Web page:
I knew I was going to end up in Salvador (a city in the North of Brazil, not El Salvador which is a country). I didn’t know how, but somehow I had this rested assurance that I would make it. I try to trace the inception of this fascination with Salvador and Brazil generally: I hadn’t studied anything directly relating to Brazil as a law student or as part of my A-levels. I don’t recall, reading books or magazines relating to Brazil; I hadn’t seen City of God, had never been to a Brazilian rodizio restaurant. But I wanted to go to Salvador and I knew I was going to get there. The how, well I ultimately found myself working in a law firm with an office in Sao Paulo, Brazil. I’d make it my mission to get seconded to work out there. A year and 6 months later, HELLO BRAZIL!
– PORTUGUESE ARCHITECTURE
Some history for ya. Salvador was Brazil’s first colonial capital and one of the oldest cities in the Americas. The Portuguese arrived there in 1500 and brought with them their famous architectural flare – colourful buildings, cobbled streets and obsessions with churches. As a port town, Salvador became an entry-point into Brazil and a major location for international trade and commerce. Unfortunately one of its biggest imports and means of finance was in the buying and selling of humans from the west coast of Africa (more on Afro-Brazil later). For now, know that I am obsessed with Portuguese architecture, it’s always a travel focal point for me. Salvador was the catalyst for this obsession, since then I have travelled far and wide: to Lisbon, Morocco, Lagos and Macau to discover it. I’m still discovering and have my sights set on Cape Verde, Mozambique and Angola next.
During the Atlantic slave trade, Brazil imported more African slaves than any other country, estimated at a whopping 4.9 million slaves (I suspect that this number doesn’t include the slaves that never made it through that inhumane journey, or the mothers who were pregnant at the time of transport), they were also the last country in the Western world to abolish slavery. It then makes sense that Brazil (Salvador especially) has the the largest population of people of African descent outside of Africa. I spent a long afternoon at the Museu Afro-Brasileiro (MAFRO) in Pelourinho learning about the impacts Africans had on Brazilian history, culture, music and art; but I never expected to learn so much about my Nigerian culture there.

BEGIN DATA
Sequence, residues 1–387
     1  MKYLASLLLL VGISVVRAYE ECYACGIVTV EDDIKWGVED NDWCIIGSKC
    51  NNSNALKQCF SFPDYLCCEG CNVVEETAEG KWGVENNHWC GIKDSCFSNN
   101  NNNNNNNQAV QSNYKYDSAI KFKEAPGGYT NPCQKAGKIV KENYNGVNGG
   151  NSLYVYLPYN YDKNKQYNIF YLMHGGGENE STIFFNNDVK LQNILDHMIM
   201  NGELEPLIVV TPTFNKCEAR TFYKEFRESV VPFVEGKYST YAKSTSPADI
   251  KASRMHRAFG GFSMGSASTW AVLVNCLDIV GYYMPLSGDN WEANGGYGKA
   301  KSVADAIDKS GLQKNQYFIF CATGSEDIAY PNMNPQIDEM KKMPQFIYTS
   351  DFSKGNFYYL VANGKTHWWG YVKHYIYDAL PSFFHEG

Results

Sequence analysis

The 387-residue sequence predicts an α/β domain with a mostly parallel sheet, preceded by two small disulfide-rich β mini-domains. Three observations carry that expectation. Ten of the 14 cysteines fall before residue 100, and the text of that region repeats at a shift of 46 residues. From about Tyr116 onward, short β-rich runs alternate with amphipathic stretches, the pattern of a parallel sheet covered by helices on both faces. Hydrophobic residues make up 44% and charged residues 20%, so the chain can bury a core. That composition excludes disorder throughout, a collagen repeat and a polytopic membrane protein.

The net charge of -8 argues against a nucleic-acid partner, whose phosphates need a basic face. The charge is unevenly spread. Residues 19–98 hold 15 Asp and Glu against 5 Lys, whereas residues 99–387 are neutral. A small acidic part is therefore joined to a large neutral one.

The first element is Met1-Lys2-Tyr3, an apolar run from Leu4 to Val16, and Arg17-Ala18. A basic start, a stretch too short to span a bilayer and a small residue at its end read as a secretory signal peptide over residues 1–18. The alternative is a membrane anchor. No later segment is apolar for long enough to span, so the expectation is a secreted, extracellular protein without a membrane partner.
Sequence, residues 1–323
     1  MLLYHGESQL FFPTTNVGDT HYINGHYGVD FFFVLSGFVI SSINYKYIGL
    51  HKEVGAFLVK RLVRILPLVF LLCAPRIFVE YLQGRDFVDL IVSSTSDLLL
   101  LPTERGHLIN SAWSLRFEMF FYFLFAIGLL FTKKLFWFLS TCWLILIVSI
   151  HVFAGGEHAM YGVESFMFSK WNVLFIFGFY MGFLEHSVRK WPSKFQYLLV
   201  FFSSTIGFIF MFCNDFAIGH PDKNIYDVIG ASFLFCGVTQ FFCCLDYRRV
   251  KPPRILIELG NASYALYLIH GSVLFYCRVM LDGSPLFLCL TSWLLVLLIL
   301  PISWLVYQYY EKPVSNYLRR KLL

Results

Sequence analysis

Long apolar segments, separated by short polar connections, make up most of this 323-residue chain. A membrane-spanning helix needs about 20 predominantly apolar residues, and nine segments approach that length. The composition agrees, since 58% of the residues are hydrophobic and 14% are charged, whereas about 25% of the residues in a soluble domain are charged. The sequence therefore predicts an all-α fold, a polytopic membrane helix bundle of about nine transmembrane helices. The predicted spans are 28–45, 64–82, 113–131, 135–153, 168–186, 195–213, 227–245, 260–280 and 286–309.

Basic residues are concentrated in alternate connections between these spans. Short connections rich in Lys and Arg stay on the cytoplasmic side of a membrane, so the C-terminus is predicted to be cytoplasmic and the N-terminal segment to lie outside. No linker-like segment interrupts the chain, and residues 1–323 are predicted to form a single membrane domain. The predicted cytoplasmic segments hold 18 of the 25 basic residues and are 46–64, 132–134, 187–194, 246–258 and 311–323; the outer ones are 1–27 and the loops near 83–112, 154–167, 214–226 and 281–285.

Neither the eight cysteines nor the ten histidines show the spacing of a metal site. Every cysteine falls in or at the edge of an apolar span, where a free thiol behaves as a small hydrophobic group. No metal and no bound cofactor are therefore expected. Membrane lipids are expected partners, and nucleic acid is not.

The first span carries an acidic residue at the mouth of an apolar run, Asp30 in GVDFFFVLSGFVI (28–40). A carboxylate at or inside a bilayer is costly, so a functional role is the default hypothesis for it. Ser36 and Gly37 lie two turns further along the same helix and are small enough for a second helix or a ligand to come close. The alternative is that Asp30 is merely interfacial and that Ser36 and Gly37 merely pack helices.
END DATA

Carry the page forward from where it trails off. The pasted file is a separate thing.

Those Brazilians of African descent were ‘masters of maintaining’, they were able to find a way to keep their culture and heritage (despite it being illegal and brutally forced out of them), a task that was damn near impossible for Africans transported to places like North America and most of the Caribbean. Africans were not allowed to keep their name and were ‘baptised’ with christian/catholic names, they were forced to denounce their religions and convert to catholicism and were also forbid to practice all cultural practices and rituals. Somehow Africans in Brazil found a way to circumvent these restrictions, according to the Lonely Planet, “there’s no other place in the world where descendants of African slaves have preserved their heritage as well as in Salvador – from music and religion to food, dance and martial-arts traditions” (watch this video if you haven’t seen Capoeira before).
-BY THE COAST
We took a boat trip from Pelourinho to Morro de Sao Paulo (Morro), where we stayed for 4 splendid nights. Morro is a car-free village on the tip of Tinharé Island. The island is made up of 5 beaches, conveniently named First Beach (Primeira Praia), Second Beach (Segunda Praia), Third Beach (Terceira Praia) and so on. It’s really touristy in peak season but don’t let that stop you, if you walk far enough (towards the third, fourth and fifth beaches) you’ll find the respite you need.
Morro is also a stone throw away from a few other islands, so we took day boat trips to the neighbouring islands. It was truly magical. I also had the best Moqueca there; a Brazilian recipe of fish stew (but we had it with shrimp) in coconut milk, tomatoes, onions, garlic, coriander and palm oil and eaten with black beans and a cassava based mash – yum.
“It felt like a dream”
I somehow found myself ahead of the rest of my friends. I say somehow, but in reality I probably got distracted and wandered off.
I was taking pictures of the coast and then noticed this boy. I don’t know where he came from; there was nobody else behind me other than my friends. I took two shots on my iphone4 before I lost him again.
Places that compel you to look up in amazement! I stroll aimlessly through the streets of the historic center of Salvador (Pelourinho) with awe and gratitude. UNESCO world heritage sites like Salvador make walking easy: the weather, although hot, is often muted by a cool breeze – the perks of being a coastal city. I notice here that walking is the most effective form of meditation for me. Just walking, no real destination, the only purpose: to explore and to express gratitude.
This has become somewhat of my life philosophy, approach everything with awe and gratitude.
I really hope you enjoyed this photostory of Salvador, Brazil. It was one of the most mesmerising places I have ever been to, it touched me in ways I cannot even begin to put into words, all I can say is: you have to visit this place! All photos belong to me and were taken on my iPhone 4.
-SHARING IS CARING
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